People of the lakes

The allies of the Wendat were the Algonquin, who lived in the lakes of the Canadian Shield. Unlike the Wendat, the Algonquin did not practice agriculture. Instead, they hunted, fished and gathered the abundant plants in the forests. These different ways of living created many questions and misunderstandings when the two groups met. Willow and Loon, two young Wendat envoys in training, travel north and meet with a group of the Algonquian youth for the first time. Falcon is the only Algonquian who can speak the Wendat language and he translates for the others.

Click through to see photos of the landscape that was home to the Huron Wendat nation

Excerpt from the book

One of Falcon’s friends said something to him and then looked at Willow.

“He wants to know why your people live behind walls. How can you live without seeing the forest?”

“We can’t see the forest unless we go outside the palisade,” answered Willow. Falcon translated and his friends reacted with frowns and murmurs.

“Our houses are behind walls because our enemies sometimes attack us. The walls protect us,” Willow continued as Falcon translated.

“Who are your enemies?” asked Falcon.

"We call them the People From Across the Lake. They call themselves something else. We live on Thunder River on the northern shore of a huge lake, the Beautiful Lake. It’s so wide it takes our strongest warriors more than a day and a night to cross by canoe – and that’s in calm weather. But it’s usually too dangerous to cross. We follow the shoreline to get to the south side where our enemies live. They’ve always been our enemies. They attack us mostly in the spring and the fall, but they can appear any time. Without the palisades to protect us, we’d be massacred in our sleep.”

“We fight them too,” said Falcon. “Some of our warriors have joined your people on raids across the lake.”

“Shrike fought with my father long ago,” said Willow. “We’re going to see him.”

“I know Shrike,” said Falcon. “His images watch over the lakes.”

Someone else asked a question and Falcon translated.

“Why do you keep your villages in the same place all the time? You’d be safer moving around as we do.”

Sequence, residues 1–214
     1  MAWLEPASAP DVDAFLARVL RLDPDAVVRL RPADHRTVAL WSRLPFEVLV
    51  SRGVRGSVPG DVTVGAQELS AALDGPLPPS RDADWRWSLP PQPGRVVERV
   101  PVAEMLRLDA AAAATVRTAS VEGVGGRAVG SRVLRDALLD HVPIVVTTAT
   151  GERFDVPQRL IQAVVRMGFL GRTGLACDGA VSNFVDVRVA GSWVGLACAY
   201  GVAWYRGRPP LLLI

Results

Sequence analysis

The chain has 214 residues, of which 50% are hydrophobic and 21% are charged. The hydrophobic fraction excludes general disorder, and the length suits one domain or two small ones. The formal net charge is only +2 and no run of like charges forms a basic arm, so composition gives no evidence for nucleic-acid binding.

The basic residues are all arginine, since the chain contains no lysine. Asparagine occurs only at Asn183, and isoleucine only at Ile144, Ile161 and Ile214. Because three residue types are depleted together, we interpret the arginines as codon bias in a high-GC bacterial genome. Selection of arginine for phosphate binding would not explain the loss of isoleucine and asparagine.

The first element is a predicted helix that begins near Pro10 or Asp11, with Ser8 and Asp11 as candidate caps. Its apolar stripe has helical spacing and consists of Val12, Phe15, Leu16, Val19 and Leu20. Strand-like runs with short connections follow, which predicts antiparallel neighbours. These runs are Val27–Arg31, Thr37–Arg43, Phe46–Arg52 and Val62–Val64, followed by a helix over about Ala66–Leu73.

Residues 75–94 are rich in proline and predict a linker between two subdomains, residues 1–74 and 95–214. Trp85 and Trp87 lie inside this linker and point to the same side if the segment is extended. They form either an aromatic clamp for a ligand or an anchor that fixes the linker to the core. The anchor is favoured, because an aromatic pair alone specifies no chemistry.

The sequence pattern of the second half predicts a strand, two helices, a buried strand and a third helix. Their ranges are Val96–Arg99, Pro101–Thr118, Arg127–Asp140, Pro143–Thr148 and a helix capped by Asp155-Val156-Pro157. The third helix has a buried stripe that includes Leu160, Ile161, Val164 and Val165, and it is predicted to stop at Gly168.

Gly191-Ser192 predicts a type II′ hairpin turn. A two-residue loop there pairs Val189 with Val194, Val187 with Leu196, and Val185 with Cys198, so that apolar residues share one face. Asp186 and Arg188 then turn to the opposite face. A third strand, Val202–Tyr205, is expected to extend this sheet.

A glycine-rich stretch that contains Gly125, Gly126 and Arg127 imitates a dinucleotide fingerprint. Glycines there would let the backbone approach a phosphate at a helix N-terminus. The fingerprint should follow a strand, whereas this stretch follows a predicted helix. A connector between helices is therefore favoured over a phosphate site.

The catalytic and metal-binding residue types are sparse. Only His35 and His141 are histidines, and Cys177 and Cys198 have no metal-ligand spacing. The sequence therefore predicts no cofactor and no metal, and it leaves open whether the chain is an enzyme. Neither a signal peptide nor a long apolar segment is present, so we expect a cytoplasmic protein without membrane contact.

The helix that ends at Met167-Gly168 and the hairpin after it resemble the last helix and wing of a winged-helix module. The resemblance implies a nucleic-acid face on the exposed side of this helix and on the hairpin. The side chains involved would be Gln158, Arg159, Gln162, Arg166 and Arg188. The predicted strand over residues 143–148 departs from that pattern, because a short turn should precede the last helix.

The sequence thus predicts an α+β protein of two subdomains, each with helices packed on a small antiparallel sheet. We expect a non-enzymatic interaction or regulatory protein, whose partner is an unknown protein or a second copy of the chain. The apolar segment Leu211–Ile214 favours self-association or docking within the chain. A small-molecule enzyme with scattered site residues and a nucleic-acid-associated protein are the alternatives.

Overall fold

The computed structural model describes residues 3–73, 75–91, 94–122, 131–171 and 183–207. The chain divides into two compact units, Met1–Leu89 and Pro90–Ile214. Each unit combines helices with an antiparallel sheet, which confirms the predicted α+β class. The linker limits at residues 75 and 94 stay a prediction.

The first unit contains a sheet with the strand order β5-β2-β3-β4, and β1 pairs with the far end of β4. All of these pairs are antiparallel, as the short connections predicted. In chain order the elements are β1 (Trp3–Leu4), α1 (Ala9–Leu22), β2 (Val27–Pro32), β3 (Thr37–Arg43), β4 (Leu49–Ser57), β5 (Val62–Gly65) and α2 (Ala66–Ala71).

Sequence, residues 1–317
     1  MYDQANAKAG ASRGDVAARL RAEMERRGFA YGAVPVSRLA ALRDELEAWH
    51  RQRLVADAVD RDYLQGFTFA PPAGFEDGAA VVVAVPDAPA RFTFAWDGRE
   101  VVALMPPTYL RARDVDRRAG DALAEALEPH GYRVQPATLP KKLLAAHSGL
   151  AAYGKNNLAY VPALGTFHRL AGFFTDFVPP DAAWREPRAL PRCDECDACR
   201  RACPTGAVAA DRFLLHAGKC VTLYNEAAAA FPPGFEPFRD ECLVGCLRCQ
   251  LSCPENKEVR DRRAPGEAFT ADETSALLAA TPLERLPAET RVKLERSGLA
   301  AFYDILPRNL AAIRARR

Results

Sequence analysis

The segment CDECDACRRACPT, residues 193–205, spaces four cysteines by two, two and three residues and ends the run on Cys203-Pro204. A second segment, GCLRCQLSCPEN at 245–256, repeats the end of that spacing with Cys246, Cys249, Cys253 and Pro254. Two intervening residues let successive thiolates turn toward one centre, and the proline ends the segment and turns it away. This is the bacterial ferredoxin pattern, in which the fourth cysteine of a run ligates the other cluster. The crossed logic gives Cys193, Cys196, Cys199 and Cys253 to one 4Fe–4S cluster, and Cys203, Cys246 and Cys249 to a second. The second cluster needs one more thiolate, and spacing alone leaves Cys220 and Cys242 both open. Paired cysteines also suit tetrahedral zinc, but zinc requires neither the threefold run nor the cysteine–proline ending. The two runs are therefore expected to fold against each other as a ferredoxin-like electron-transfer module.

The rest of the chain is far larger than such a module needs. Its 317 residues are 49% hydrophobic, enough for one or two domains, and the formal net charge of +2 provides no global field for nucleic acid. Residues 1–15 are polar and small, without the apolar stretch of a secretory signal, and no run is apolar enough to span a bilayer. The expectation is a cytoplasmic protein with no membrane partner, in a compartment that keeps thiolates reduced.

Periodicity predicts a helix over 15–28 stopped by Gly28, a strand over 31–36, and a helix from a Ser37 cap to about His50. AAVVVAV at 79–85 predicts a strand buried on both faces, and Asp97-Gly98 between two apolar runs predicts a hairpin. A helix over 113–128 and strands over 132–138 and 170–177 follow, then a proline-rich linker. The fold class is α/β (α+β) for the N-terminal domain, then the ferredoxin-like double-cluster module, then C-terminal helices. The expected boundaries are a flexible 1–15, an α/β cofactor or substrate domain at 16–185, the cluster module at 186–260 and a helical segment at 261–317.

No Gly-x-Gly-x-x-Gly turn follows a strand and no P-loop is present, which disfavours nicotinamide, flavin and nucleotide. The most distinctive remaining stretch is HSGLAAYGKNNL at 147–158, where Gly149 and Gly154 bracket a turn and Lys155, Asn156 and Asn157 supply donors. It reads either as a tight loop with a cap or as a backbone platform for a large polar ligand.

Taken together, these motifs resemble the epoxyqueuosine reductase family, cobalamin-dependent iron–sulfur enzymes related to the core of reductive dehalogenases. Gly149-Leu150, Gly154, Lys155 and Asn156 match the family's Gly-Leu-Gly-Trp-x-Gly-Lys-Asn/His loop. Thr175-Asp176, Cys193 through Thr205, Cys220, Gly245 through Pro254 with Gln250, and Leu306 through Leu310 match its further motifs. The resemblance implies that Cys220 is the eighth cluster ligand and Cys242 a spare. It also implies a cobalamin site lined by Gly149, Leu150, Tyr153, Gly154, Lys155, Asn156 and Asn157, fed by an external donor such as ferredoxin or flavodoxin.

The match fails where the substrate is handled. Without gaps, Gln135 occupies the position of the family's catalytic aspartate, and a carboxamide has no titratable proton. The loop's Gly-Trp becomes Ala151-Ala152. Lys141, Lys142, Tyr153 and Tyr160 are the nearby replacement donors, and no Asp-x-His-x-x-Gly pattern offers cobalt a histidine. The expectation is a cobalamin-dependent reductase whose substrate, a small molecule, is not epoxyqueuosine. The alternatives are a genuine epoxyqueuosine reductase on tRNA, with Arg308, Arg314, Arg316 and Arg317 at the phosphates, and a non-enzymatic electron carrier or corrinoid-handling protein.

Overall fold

Loon laughed out loud at the question – to the displeasure of Falcon and his friends.

“We can’t move our villages like you. Our longhouses and palisades are surrounded by cornfields. They don’t move easily. We only move when the fields are tired and the firewood has been used up.” Falcon asked Loon another question.

“Why do you grow corn if it forces you to live in villages you can’t move?”

Loon looked shocked at the question. He turned to Willow for help.

“Why do we grow corn?” Willow repeated. As he did, he noticed the Wanderer’s daughter appear in the light of the fire where she sat down quietly near the elders. Falcon and his friends noticed her too. Willow felt a gnawing pain in his stomach, as he attempted to answer the question. He wanted to slip into a shell.

“We grow corn because it’s our life,” he said, leaving time for Falcon to translate. “It allows us to get through the winters without starving. Most of all, we can carry it on hunting trips, or when we go to war. We can travel farther and faster than anyone else because we don’t have to hunt on the way, and we trade it for things we don’t have.” He looked over at Lynx who sat listening with the elders on the other side of the low fire. Lynx nodded back at him imperceptibly.

“I have a question for you,” Willow said to Falcon.“Why don’t your people grow any corn? Why do you trade with us to get it?”

Falcon repeated the question to his friends. They talked excitedly among themselves for some time, waving their hands for emphasis. Finally, when everyone was silent, Falcon answered.

“Because we’re hunters,” was his brief reply.